What Being a Stay At Home Mom Really Means (From a Veteran SAHM)

Let’s be honest. Being a mom is the best job in the world! But it’s also the hardest, most emotionally draining, and demanding job a human being can have.

One thing I never accounted for when I became a Stay At Home Mom (SAHM), was how it can be the loneliest, most isolating job in the universe. No one ever said what to expect. No articles were printed (this was before internet) about this aspect of being a SAHM. So, as someone who has stayed home for 17 years, this is my way of spelling it out for those who are thinking about being a SAHM, or who or are just curious as to what it entails. There is no way for me to paint an accurate picture with words, but this will help scratch the surface.

Being a SAHM means it’s just you and your kids. When your husband or significant other goes off to work, you are the only who is left with the kids for hours on end. You are the only one who is their playmate, nurse, teacher, chauffeur, maid, cook, counselor and discipline enforcer. You are the one who is there for the temper tantrums, the I don’t want to eat that, the he won’t quit touching me, the I hate you‘s that we hear all.day.long. (If you haven’t experienced some of those quotes, just wait until you have pre teen and older kids!)

Being a SAHM means no breaks. You don’t get “restroom” breaks (even locking the door doesn’t count because they find you). You don’t get lunch meetings where someone else brings you food. You don’t have a specific time that you start your “work day” or a time where you “get off work.” You can’t run errands without kids on your way home.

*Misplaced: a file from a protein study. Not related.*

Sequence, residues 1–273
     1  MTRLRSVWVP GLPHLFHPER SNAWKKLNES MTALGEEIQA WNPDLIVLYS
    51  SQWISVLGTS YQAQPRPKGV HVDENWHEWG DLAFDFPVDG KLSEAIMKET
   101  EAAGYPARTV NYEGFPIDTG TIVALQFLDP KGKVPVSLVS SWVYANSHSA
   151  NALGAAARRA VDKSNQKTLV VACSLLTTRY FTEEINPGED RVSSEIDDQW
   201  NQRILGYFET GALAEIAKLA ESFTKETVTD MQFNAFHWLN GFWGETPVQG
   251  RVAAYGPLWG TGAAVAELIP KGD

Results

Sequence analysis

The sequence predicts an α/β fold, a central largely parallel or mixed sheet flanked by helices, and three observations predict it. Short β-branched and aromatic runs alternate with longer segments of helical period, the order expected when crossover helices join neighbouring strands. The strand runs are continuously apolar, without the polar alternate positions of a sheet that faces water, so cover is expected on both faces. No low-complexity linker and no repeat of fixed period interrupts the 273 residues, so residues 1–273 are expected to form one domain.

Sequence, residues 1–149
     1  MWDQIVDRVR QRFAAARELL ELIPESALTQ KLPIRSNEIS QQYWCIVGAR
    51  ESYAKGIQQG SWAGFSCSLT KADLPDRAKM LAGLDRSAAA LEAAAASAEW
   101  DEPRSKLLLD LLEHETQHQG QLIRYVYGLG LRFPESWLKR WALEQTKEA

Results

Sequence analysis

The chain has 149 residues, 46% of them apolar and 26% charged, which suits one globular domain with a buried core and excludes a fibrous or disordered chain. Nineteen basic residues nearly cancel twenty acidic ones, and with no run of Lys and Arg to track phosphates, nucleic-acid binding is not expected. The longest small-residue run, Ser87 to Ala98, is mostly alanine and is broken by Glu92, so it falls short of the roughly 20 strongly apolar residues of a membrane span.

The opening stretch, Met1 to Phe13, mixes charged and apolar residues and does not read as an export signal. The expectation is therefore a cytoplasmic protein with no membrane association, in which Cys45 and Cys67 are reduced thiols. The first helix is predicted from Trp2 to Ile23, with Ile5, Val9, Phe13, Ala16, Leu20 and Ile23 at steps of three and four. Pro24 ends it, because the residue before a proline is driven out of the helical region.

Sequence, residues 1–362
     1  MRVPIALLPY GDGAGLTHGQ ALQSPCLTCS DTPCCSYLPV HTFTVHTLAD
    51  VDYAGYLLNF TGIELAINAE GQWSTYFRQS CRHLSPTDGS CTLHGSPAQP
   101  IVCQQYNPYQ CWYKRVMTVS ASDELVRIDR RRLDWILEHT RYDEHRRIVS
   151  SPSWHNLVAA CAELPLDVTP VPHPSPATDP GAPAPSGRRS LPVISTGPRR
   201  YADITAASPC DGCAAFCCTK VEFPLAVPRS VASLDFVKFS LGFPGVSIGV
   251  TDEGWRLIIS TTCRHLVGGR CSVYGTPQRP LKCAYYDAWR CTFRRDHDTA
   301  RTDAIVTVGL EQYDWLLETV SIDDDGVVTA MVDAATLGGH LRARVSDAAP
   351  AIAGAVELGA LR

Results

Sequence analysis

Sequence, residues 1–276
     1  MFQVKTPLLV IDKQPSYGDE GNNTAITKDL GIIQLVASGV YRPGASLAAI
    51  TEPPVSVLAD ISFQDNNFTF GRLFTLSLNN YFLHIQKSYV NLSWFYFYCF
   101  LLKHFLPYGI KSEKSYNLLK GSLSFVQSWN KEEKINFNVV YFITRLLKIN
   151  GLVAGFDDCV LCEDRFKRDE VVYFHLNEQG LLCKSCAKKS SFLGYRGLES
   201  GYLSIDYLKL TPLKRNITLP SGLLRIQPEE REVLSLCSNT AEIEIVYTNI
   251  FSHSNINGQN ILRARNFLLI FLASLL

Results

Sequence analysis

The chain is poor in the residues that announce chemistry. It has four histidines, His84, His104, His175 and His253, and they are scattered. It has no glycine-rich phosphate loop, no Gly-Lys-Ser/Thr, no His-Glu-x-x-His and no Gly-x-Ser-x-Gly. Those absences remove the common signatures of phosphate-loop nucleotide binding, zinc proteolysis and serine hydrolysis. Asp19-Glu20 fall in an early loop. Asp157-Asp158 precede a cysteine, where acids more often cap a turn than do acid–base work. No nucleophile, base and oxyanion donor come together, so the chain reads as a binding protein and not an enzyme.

Being a SAHM can be lonely. There will be days, maybe weeks, where the only adult you see is when your significant other comes home. And they are often too tired to see that you need help. And if you ask, you feel awful for needing help because, we moms, think we can do it all! 

Being a SAHM doesn’t mean you shouldn’t ask for help. For the longest time, I failed to do this. I never thought about hiring a babysitter so that I could do errands without kids, have lunches with girlfriends or go to doctors appointments without kids in tow. I let my days be all about my kids and making sure my husband wasn’t doing any of my “mom” duties like giving the toddlers a bath (while I was 8 months pregnant).  I didn’t see any of my friends unless we had our kids with us…and who can carry on a conversation with toddlers around?

I never thought about the fact that I needed a “break” from my job so I could unwind and re-center myself.  Everyone needs a break, a vacation.  A “time off” from their job. But, I failed to see that even a 1-2 hour break a week could mean the difference between being a kind, patient mom versus an uptight, stressed-to-the-max mom. I failed to see that taking care of myself was a priority. It’s not selfish. It’s necessary. 

So, for all you SAHM, whether you are “new” or “seasoned”, taking time for yourself can be the best advice you receive. Find a Kids Day Out program at a local church. Find a few friends who will do a “swap day” where you watch each others kids so that one mom per week can do what they need to center themselves. Find a high school or college kid who can hang with your kids here and there. Have those date nights. Go to lunches with girlfriends. See an afternoon movie. Get a massage. 

Because if mama isn’t happy (and energized and refreshed), then neither is the rest of the family.

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